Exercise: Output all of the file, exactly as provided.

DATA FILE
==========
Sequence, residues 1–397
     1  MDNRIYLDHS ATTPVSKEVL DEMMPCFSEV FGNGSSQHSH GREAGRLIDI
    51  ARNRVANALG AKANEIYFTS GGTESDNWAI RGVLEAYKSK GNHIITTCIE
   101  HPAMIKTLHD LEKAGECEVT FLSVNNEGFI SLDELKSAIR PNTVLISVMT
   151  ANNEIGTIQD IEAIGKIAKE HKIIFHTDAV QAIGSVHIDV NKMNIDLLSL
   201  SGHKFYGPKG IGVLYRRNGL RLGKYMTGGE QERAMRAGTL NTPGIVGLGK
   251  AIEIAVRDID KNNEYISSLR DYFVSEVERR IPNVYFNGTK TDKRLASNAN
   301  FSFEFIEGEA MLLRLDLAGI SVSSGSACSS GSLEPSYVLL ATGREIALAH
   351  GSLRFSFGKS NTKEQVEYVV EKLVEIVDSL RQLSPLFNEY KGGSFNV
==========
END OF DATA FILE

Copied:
Sequence, residues 1–397
     1  MDNRIYLDHS ATTPVSKEVL DEMMPCFSEV FGNGSSQHSH GREAGRLIDI
    51  ARNRVANALG AKANEIYFTS GGTESDNWAI RGVLEAYKSK GNHIITTCIE
   101  HPAMIKTLHD LEKAGECEVT FLSVNNEGFI SLDELKSAIR PNTVLISVMT
   151  ANNEIGTIQD IEAIGKIAKE HKIIFHTDAV QAIGSVHIDV NKMNIDLLSL
   201  SGHKFYGPKG IGVLYRRNGL RLGKYMTGGE QERAMRAGTL NTPGIVGLGK
   251  AIEIAVRDID KNNEYISSLR DYFVSEVERR IPNVYFNGTK TDKRLASNAN
   301  FSFEFIEGEA MLLRLDLAGI SVSSGSACSS GSLEPSYVLL ATGREIALAH
   351  GSLRFSFGKS NTKEQVEYVV EKLVEIVDSL RQLSPLFNEY KGGSFNV